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Vineland (Classic, 20th-Century, Penguin)
Thomas Pynchon
Tristes Tropiques
John Weightman, Doreen Weightman, Patrick Wilcken, Claude Lévi-Strauss
Richard III
William Shakespeare
The Dwarf
Alexandra Dick, Pär Lagerkvist
The Collected Poems of Wilfred Owen
Wilfred Owen, Cecil Day-Lewis
Richard Wolin
Giotto to Dürer: Early Renaissance Painting in the National Gallery
Jill Dunkerton, Susan Foister, Dillian Gordon, Nicholas Penny
Michel Foucault: Beyond Structuralism and Hermeneutics
Hubert L. Dreyfus, Paul Rabinow
Gravity's Rainbow
Thomas Pynchon
A Gravity's Rainbow Companion: Sources and Contexts for Pynchon's Novel
Steven Weisenburger

Not for Profit: Why Democracy Needs the Humanities

Not for Profit: Why Democracy Needs the Humanities - Martha C. Nussbaum I'm Reading this because of an assignment. It's not the sort of thing or author I'd generally bother with.

The book is trite, simplistic, poorly written, poorly argued - and that from one who is basically in sympathy with her general position. She draws a simple-minded distinction between "education for growth (which is bad; business or technology oriented) and education for critical thinking and self-development (Humanities; though this book, like much of the Humanities today, in fact, exhibits precious little of such allegedly "critical" thinking) -- she confuses NeoLberalism and NeoMercantilism, neither of which term she seems to be familiar with, lumping them together as "old paradigm" and "collectivist", and claims that the hyperdrive towards economic growth that one sees in India and South Africa (and presumably China?) will undercut democracy in the Western World (non-sequitur, anyone...?) -- this, by the way, at a time when the West has itself entered what is perhaps terminal economic decline and when the political consequences of that decline in growth are becoming clearer day by day (today, for example....: http://www.huffingtonpost.com/2011/01/08/gabrielle-giffords-shot-c_n_806211.html) -- a threat she seems to be quite unaware of.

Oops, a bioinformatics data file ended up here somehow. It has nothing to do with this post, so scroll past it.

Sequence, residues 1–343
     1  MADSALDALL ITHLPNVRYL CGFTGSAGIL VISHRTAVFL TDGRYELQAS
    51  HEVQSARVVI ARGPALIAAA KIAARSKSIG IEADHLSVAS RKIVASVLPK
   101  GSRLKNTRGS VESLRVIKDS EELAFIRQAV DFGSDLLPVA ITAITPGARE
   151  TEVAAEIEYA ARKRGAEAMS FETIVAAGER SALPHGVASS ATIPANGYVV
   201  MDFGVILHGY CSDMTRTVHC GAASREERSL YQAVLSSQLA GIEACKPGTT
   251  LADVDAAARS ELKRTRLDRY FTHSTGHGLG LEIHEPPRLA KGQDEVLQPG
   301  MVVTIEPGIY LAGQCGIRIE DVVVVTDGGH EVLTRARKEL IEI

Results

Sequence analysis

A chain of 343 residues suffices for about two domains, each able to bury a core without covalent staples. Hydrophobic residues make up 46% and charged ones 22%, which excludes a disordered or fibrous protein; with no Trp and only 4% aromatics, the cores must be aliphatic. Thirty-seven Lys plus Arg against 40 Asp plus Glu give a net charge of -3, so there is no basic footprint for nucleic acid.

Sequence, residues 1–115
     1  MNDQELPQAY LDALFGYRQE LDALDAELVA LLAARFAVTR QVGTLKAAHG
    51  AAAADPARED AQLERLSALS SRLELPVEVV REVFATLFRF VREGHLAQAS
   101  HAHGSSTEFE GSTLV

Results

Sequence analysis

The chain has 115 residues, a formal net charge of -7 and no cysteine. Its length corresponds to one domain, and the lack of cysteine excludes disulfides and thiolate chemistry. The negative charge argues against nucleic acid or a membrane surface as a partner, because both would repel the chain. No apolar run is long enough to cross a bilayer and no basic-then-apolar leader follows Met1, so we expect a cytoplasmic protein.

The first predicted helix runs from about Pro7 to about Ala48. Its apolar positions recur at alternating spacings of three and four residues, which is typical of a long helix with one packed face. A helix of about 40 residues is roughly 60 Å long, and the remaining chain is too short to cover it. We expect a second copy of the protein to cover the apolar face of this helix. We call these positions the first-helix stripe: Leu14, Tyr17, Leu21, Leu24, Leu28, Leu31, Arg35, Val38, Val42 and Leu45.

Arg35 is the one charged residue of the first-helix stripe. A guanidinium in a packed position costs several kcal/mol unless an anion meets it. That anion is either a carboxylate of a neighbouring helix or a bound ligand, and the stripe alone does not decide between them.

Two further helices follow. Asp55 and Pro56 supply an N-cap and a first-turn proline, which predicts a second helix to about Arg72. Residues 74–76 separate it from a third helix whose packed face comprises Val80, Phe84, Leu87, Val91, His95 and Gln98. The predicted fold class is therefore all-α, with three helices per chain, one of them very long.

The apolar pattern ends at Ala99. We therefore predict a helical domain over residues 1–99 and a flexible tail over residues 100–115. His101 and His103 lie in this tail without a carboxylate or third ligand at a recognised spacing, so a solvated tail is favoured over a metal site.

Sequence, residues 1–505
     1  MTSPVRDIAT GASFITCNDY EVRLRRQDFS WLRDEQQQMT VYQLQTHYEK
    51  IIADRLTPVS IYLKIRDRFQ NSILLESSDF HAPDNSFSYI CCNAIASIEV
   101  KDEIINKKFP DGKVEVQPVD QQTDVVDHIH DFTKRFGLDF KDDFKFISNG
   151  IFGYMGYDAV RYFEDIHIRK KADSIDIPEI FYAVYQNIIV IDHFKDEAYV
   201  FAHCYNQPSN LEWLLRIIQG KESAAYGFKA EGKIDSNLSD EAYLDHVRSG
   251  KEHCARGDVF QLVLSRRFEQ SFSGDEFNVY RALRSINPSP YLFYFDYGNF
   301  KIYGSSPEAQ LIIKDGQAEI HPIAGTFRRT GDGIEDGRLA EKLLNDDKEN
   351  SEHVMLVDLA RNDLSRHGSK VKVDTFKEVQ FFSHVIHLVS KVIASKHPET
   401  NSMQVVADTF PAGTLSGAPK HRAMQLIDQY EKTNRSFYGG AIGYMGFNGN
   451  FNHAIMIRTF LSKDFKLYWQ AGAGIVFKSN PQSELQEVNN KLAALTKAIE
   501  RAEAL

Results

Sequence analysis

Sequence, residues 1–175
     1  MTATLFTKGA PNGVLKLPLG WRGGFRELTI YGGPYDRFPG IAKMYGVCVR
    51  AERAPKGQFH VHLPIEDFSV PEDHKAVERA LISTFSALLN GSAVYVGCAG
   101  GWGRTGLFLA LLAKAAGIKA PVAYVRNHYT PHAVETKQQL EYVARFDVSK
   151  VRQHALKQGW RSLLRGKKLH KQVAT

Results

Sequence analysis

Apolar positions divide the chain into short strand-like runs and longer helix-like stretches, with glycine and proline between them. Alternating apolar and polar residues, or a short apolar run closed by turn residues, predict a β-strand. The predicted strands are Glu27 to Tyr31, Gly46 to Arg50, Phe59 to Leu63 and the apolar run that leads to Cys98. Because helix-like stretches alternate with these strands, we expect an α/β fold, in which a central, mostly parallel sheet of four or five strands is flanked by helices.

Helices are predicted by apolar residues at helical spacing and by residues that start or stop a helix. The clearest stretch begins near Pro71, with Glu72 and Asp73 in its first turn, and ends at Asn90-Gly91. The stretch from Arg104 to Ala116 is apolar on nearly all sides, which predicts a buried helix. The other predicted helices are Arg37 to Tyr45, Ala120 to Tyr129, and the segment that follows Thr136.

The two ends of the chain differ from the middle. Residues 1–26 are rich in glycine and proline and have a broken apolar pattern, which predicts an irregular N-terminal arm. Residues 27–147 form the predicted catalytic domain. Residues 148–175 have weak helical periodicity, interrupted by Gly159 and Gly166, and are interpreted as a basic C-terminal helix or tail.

Basically a rehashing of ideals that were cutting edge in 1917 (Tagore, Dewey), but whose breathless espousal today... is something of an embarrassment. The intellectual narcissism of the Humanities in America is on full display here --

Though very bright, Nussbaum was a lousy classical scholar -- who had been feted and coddled by institutions (and by her 'mentor', Gwill Owen) since early days. Her work on Plato was awful -- not surprising, coming from the school she comes from (Owen and Vlastos); Aristotle, she thinks, was basically an 'essentialist' (which is incorrect: see, e.g., http://www.amazon.fr/Aristote-lidéalisme-platonicien-thèse-Charles/dp/B0019TP2XG/ref=sr_1_2?ie=UTF8&s=books&qid=1294530361&sr=8-2-spell); her dissertation, on the de motu animalium, was a fairly strong piece of work, as philosophical commentary goes... -- though her knowledge of Greek was always suspect. I could go on... But people are already angry at me for speaking the truth too loudly....

Anyway, the book is basically a waste of time -- BAG IT.